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Can you tell a fake ETF from a real ETF? – Citywire USA

Not a week goes by without a weird or wacky ETF coming to market with a tortured ticker or idiosyncratic index. 
A flurry of such funds has launched in 2022 but how many have achieved their aim and caught your eye? And can you tell a real ETF from a made-up one, based only on their name, ticker, and literature that has been largely cut and pasted from their prospectus (or imagined prospectus)?
To test your ETF knowledge, and because, well, it’s still summer, the Alexes have devised a fiendish quiz to see if you can tell apart quirky funds that have actually been launched this year from those that are made up (at least for now). 
Answers at the bottom. No cheating! 
1. Corporate Culture Leaders ETF (HAPY): The ETF tracks an index of equity securities of U.S. companies that are corporate culture leaders based on scores produced by Irrational Capital LLC, which uses a rules-based methodology that seeks to identify companies that best manage their human capital, resulting in highly motivated and engaged employees.
2. KPOP and Korean Entertainment ETF (KPOP): This ETF aims to offer exposure to the Korea Exchange-listed companies that may potentially benefit from the growth of the K-pop industry. The Index Provider uses natural language artificial intelligence algorithms to review publicly available information about the companies in the initial universe to identify those that describe themselves as being engaged in Korean popular music, movies, drama, entertainment, and interactive media content.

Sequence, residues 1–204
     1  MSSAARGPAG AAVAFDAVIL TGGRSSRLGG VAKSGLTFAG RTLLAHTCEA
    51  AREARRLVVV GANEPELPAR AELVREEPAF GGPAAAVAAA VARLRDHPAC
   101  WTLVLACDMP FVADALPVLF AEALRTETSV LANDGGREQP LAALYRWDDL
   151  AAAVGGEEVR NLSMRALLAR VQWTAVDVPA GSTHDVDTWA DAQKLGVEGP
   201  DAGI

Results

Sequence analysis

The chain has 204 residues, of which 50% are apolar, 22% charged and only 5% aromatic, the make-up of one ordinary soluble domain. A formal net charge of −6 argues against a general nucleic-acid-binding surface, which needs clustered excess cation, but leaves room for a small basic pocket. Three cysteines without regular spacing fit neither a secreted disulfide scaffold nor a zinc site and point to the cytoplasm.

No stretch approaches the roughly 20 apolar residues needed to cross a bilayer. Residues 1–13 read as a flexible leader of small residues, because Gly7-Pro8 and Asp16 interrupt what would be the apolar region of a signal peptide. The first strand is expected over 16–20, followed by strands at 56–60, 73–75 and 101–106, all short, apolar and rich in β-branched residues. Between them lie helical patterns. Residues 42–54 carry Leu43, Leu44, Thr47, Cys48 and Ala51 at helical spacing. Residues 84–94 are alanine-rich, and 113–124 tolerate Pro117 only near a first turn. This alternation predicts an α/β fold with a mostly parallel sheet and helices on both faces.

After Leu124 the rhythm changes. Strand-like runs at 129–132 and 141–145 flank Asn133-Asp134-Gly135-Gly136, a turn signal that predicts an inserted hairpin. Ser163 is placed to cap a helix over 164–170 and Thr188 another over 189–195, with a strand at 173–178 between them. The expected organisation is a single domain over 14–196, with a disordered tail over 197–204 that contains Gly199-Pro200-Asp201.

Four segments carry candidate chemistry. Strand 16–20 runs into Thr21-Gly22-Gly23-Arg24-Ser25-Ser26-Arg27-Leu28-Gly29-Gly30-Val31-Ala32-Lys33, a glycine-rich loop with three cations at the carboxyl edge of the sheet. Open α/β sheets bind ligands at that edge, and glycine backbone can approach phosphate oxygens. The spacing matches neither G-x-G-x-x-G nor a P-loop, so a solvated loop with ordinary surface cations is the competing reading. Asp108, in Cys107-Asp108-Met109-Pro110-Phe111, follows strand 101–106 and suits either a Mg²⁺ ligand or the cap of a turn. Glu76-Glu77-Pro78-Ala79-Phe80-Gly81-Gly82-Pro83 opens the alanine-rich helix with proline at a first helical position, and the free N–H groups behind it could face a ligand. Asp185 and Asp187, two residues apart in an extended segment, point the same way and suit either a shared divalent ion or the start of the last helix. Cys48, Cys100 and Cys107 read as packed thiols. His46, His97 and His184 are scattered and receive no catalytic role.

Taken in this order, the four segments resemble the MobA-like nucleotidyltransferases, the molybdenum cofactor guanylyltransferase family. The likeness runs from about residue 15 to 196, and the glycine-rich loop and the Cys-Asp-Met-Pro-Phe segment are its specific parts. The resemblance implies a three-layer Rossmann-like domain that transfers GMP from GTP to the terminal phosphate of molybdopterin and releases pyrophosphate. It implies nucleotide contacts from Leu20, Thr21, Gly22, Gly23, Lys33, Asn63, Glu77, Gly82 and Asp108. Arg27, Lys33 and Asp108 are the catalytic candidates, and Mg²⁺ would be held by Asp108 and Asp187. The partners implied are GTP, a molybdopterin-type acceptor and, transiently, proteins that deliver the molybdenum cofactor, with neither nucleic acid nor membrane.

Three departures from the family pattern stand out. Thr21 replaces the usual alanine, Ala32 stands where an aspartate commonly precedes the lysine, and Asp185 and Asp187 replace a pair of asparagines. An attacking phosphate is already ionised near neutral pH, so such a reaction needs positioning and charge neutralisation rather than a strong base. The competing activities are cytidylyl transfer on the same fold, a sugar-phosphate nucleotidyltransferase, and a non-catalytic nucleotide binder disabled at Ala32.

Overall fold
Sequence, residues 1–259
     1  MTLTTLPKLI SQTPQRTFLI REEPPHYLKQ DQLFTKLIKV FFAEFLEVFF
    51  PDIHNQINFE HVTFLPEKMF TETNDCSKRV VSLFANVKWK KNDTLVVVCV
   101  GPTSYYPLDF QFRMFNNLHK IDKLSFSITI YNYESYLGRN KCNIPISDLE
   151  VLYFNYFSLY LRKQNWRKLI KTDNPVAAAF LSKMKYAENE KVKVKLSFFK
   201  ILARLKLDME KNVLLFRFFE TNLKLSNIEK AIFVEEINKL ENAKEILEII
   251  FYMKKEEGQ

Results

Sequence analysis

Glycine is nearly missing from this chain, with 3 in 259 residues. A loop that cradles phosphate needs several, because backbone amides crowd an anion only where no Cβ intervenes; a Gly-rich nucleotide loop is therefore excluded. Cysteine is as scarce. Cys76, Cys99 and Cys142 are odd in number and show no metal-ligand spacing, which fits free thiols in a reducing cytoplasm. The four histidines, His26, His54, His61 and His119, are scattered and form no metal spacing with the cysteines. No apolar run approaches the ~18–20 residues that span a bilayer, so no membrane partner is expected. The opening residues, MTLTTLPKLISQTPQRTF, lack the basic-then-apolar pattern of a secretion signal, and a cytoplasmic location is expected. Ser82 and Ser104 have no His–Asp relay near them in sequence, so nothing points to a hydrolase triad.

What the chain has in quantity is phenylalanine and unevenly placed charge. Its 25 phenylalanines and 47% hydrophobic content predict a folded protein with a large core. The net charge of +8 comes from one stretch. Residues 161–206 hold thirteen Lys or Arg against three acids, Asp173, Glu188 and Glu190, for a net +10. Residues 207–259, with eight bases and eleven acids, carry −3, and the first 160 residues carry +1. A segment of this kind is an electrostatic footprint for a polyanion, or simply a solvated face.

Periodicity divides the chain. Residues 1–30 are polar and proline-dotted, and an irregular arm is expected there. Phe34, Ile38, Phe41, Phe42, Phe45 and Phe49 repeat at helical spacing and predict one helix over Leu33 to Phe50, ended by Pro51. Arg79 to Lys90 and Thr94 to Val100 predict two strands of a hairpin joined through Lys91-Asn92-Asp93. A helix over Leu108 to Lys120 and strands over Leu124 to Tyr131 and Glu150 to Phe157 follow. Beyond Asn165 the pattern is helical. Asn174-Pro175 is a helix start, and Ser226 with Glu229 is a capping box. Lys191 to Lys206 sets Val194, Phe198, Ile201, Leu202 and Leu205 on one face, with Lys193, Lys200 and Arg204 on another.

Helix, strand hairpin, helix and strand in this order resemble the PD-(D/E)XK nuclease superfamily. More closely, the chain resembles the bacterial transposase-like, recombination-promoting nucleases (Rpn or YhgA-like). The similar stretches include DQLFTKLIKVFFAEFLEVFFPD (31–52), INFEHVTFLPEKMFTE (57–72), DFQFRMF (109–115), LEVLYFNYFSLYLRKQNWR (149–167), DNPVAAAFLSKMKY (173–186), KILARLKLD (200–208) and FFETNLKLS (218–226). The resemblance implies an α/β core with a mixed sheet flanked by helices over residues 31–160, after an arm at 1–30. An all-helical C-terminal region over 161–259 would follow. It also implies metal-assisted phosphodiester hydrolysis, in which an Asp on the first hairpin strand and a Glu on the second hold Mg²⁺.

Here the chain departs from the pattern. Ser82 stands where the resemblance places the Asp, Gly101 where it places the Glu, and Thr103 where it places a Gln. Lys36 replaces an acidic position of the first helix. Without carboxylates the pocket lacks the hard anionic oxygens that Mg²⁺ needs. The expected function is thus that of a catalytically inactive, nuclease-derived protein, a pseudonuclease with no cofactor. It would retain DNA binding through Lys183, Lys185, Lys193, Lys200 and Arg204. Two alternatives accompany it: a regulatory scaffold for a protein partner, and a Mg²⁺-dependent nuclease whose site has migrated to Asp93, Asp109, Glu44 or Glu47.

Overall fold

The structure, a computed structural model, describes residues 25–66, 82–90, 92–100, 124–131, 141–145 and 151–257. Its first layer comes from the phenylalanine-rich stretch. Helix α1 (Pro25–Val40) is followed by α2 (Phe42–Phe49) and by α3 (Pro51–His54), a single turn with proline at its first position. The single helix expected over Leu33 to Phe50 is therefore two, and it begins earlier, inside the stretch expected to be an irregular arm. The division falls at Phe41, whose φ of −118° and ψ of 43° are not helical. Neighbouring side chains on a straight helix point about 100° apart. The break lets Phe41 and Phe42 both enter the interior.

3. Fake News ETF (FAKE): The ETF tracks the Solactive Disinformation & Dissemination Index, which is composed of securities issued by global media conglomerates and social media platforms. A stock’s position in the index is based on its Believability and Sensationality™ (BS) score, with corporations publishing and sharing the least accurate news, and thus getting the most eyeballs, weighted highest. 
4. Breakfast Commodities Strategy ETF (BRKY): The fund tracks the GSCI Dynamic Roll Breakfast (OJ 5% Capped) index, which contains a selection of food-based commodities related to a breakfast meal, such as corn, coffee, lean hogs, orange juice frozen concentrate, sugar, and wheat. Each category is weighted based on world production, except orange juice which is capped at 5%. 
5. 420 to 69 ETF (LULZ): This is the first ETF to be completely controlled by its potential shareholders. As the result of an open vote held on reddit.com, internet users instructed the Advisor to endeavor to purchase available publicly traded securities at $4.20, $42.00 or $420 and endeavor to sell them at $6.90, $69.00 or $690.00, respectively. 
6. ROC ETF (ROCI): ROC (Return on Character) Investments, the subadvisor for the ROC ETF (ROCI), believes the market consistently misprices the value of exceptional leadership over the long term. The ROC ETF purchases U.S. companies whose management’s behavior exemplifies what we believe to be the highest level of character. 
7. Hot Waitress ETF (TIPS): This actively managed ETF seeks to outperform its benchmark by utilizing proprietary data regarding the attractiveness of restaurant servers in cities around the United States. During times of Abnormal Server Attractiveness (ASA), the Advisor will seek to implement a leveraged long position on the S&P 500. During times of Abnormal Server Unattractiveness (ASU), the Advisor will seek to invest in money market funds.